Monday, August 02, 2010

"The Monkhood of All Believers" Part One

Previously, I explored the concept that an effective model for the Church in the 21st century could be that of the monastic life--where each person might have a "cell," or a quiet place to which s/he may retire to confront the temptations and trials of life. But monasticism is not just about individual fulfillment. From the early days, monks realized that they needed to band together, to live a common life bound by a common rule, in order to survive.

I think that this necessity to be in covenant or intentional community is essential to Christian life in general. I was reflecting on this thought this morning, and another thought occurred to me: Christianity, or the Way of Christ, is at it's core monastic or communal in nature. Think about it--Jesus called twelve men (and later, women who were named among the early Disciples), who lived with him, ate meals with him, prayed with him, slept in the same room...they did everything in community, bound together by their common devotion to the Master. This led me to the thought that monasticism (or covenant life, call it whatever you want) is inherently part of Christianity, and that, even if monasticism had not been invented in the early Church, it would still have found a way to be a part of Christian history. That is to say, if the early Abbas and Ammas had never wandered out to the desert, if Pachomius had never gathered together his monks, if Benedict and Dominic and Francis and Clare and Xavier and others had somehow all managed to never exist, that monastic life would still have emerged from within Christianity.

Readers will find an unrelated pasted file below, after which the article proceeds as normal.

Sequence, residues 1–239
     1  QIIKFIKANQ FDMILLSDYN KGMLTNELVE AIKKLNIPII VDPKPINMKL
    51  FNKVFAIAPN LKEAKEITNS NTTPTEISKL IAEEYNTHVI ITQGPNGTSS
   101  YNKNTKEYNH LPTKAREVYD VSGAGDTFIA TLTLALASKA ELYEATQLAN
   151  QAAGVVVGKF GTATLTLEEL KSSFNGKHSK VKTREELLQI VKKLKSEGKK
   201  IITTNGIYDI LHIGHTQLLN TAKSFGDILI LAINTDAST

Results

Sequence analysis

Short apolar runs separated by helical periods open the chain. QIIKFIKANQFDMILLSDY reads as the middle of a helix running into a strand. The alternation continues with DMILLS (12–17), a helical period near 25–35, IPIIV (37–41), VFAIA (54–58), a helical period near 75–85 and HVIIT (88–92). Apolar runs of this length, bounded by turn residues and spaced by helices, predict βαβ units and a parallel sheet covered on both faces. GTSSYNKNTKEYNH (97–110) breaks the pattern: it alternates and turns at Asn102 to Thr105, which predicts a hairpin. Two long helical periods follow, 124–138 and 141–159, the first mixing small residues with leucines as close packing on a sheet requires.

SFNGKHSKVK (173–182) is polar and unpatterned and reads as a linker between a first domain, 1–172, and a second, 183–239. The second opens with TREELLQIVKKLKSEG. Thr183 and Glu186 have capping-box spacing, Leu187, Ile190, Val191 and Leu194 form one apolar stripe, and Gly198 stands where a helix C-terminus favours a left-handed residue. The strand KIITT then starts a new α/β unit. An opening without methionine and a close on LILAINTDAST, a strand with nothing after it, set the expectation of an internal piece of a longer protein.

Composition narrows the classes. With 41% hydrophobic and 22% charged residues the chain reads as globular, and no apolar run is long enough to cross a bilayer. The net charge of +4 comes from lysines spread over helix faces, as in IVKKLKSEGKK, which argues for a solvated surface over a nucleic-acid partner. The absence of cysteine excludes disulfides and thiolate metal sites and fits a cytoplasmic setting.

There is something about the story of Jesus and his disciples, something about the life they led and the impact they had on the world, that leads us to want to be in community. Eventually, as the book of Acts tells us, the Church expanded beyond this first group of disciples, and the evangelistic mission spread the faith to so many that it was impractical for everyone to "have all things in common." So, it was decided that it was o.k. for some to live "secular" lives--farming, making useful things, raising families, etc., while others would live the monastic life "on behalf" of the Church.

I think the time has come to re-imagine that concept. While not everyone is called to the hard-core, out-in-the-desert-wildnerness kind of monastic life, everyone who calls him/herself a Christian should be invovled in some kind of covenant community (a church, a cell group, an accountability group, a discipleship group...whatever). Covenant community is who we are, it is part of our DNA, and frankly, it's how we grow.

Reading the section in Justo Gonzalez's The Story of Christianity (Volume 1) this morning, I came across this passage: "A surprising fact about the entire process of admission to the Pachomian communities (early monastic communities) is that many of the candidates who appeared at the gages and were eventually admitted had to be catchechized and baptized, for they were not Christians. This gives an indication of the enourmous attraction of the desert in the fourth century, for even pagans saw in monasticism a style of life worth living." (pg. 146)

What might the "monkhood of all believers" look like? How might the Church begin to organize and function under a system in which everyone is expected to be a part of a common life in some way? Wesleyan Christianity may hold part of the answer, but I think it may even be more ecumenical and wide-ranging than that. I suspect that a new wave of Christian community is called for, which is just now beginning to be expressed in the emerging/emergent movement, and may evolve into something completely new and surprising before we're through.

Stay tuned,